Equational logic

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Formal languages are mathematical models of the natural (informal) languages of mathematics (cf. also Formal languages and automata). In mathematical logic (i.e., meta-mathematics) one builds several classes of formal languages, of which first-order logic and equational logic are especially important. Languages of the first class are most often used to give complete mathematical definitions of mathematical theories, their axioms and their rules of proof. Languages of the second class are used most often in universal algebra, and in automatic theorem proving procedures.

An equational language is a formal language whose alphabet consists of a countable set of variables, a set of function symbols and an equality symbol . Moreover, a function is given and for each , denotes the number of argument places of . If , then is called a constant.

One associates with a class of algebras of type , i.e. structures of the form

where is a non-empty set; if , then is a function with arguments running over and with values in ; if , then .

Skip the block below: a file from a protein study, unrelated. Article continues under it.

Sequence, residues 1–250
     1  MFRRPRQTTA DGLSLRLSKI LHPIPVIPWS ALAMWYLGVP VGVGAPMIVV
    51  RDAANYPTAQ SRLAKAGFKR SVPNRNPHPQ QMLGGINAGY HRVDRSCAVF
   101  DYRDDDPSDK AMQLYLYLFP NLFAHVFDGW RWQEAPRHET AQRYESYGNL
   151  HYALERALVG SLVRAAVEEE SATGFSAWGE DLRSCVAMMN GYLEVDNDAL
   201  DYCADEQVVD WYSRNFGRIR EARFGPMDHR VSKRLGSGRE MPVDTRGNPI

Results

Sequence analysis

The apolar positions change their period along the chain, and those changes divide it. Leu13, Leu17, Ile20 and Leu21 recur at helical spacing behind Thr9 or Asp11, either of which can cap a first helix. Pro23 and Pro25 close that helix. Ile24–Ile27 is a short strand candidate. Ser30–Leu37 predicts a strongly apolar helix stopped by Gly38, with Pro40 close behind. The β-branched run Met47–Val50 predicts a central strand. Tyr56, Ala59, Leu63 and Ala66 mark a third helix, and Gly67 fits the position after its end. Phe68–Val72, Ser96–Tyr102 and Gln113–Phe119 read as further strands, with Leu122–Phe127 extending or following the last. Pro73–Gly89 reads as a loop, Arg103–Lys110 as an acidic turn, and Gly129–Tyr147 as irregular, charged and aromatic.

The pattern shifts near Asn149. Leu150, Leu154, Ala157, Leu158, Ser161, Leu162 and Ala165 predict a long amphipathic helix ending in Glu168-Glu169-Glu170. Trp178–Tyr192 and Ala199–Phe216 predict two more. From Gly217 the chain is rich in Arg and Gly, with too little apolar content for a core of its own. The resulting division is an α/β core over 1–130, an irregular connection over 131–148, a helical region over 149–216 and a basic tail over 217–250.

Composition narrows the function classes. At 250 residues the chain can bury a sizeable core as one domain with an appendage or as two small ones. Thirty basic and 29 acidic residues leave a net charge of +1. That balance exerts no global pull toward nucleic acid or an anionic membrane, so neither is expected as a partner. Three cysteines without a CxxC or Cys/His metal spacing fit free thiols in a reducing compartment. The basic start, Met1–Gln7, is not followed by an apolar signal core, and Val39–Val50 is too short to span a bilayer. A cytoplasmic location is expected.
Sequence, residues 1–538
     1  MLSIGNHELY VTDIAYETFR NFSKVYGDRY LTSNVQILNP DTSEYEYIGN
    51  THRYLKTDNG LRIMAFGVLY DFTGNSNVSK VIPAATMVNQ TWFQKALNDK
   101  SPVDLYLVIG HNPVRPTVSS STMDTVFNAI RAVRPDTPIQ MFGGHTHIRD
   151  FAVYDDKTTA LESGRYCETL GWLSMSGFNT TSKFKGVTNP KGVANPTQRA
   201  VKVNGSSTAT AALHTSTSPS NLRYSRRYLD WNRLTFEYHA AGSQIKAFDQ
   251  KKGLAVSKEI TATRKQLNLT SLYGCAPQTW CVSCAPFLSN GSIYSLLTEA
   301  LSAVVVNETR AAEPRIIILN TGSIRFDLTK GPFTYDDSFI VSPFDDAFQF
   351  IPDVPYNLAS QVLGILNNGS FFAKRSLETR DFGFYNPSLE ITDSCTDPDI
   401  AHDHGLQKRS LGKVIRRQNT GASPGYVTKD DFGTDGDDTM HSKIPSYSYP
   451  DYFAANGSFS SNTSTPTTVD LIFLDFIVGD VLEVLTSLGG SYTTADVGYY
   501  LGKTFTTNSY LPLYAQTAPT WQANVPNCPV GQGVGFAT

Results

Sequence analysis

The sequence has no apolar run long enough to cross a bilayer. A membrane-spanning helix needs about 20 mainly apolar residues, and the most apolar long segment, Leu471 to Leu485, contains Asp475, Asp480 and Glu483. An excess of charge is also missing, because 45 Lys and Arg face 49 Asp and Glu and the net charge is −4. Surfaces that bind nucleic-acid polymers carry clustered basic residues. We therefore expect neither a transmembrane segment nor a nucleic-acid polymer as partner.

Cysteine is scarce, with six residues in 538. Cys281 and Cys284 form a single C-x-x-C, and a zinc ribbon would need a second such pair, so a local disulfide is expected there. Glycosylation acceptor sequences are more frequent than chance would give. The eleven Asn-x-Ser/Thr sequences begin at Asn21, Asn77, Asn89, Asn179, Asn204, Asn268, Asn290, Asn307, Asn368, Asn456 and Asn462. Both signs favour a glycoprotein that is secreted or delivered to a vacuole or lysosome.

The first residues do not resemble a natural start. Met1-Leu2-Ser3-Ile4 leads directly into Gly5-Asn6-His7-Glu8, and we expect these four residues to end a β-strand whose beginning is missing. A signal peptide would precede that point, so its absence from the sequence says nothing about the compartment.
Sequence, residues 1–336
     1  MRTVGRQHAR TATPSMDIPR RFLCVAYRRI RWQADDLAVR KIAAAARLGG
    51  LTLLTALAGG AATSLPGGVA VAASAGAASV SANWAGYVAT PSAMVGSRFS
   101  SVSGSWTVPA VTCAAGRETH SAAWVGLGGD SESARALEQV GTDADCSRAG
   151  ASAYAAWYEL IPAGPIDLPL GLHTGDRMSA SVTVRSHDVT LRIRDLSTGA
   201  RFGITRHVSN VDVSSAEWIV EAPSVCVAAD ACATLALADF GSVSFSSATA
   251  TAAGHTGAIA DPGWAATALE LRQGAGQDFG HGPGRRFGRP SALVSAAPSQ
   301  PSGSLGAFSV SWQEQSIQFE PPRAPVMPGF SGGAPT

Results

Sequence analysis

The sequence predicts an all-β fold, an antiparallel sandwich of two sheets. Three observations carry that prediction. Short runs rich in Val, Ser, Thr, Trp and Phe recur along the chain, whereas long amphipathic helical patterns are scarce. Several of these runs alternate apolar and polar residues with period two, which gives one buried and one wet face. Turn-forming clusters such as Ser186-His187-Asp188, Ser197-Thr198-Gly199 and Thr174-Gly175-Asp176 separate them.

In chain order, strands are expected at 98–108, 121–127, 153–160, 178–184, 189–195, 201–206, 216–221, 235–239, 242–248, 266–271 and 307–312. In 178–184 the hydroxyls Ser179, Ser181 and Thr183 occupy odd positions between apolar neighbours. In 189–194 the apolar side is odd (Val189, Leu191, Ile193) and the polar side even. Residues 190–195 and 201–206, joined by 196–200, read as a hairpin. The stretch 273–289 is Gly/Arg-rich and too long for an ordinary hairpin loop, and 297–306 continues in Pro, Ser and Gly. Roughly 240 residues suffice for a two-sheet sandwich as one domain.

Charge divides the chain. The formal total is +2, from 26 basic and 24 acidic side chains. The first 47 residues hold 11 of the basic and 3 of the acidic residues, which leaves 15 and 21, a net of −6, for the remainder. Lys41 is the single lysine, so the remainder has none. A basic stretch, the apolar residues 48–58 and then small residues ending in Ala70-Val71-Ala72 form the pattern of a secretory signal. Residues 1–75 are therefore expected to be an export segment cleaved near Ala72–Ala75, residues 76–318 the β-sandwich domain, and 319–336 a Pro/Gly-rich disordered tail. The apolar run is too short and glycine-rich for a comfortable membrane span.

One defines the set of terms of to be the least set of finite sequences of letters of such that contains the one-term sequence consisting of a variable or a constant, and such that if , then . If is an algebra of type and , then denotes a composition of some of the functions and constants , which is coded by . A term of the form , where and , is called atomic.

The only truth-valued expressions of are equations, i.e., sequences of letters of the form


where . One says that (a1) is true in if and only if the objects and are equal.

If is a set of equations, then is called a model of if and only if all the equations of are true in . The class of all models of some set is called a variety.

For any and , one denotes by

the term obtained from by substituting all occurrences of by .

The rules of proof of are the following:

i) is accepted for all ;

ii) yields ;

iii) and yield ;

iv) and yield

A set of equations is called an equational theory if and only if is closed under the rules i)–iv). Thus, if is a model of , then is also a model of the least equational theory including .

The above concepts and rules were introduced in 1935 by G. Birkhoff, and he proved the following fundamental theorems.

Birkhoff's completeness theorem: If is an equational theory and is true in all the models of , then belongs to .

Birkhoff's characterization of varieties: A class of algebras of type is a variety if and only if it satisfies the following three conditions:

a) all subalgebras of the algebras of are in ;

b) all homomorphic images of the algebras of are in ;

c) for any subset of , the direct product of the algebras in belongs to .

These theorems are the roots of a very large literature, see [a2], [a4] and references therein.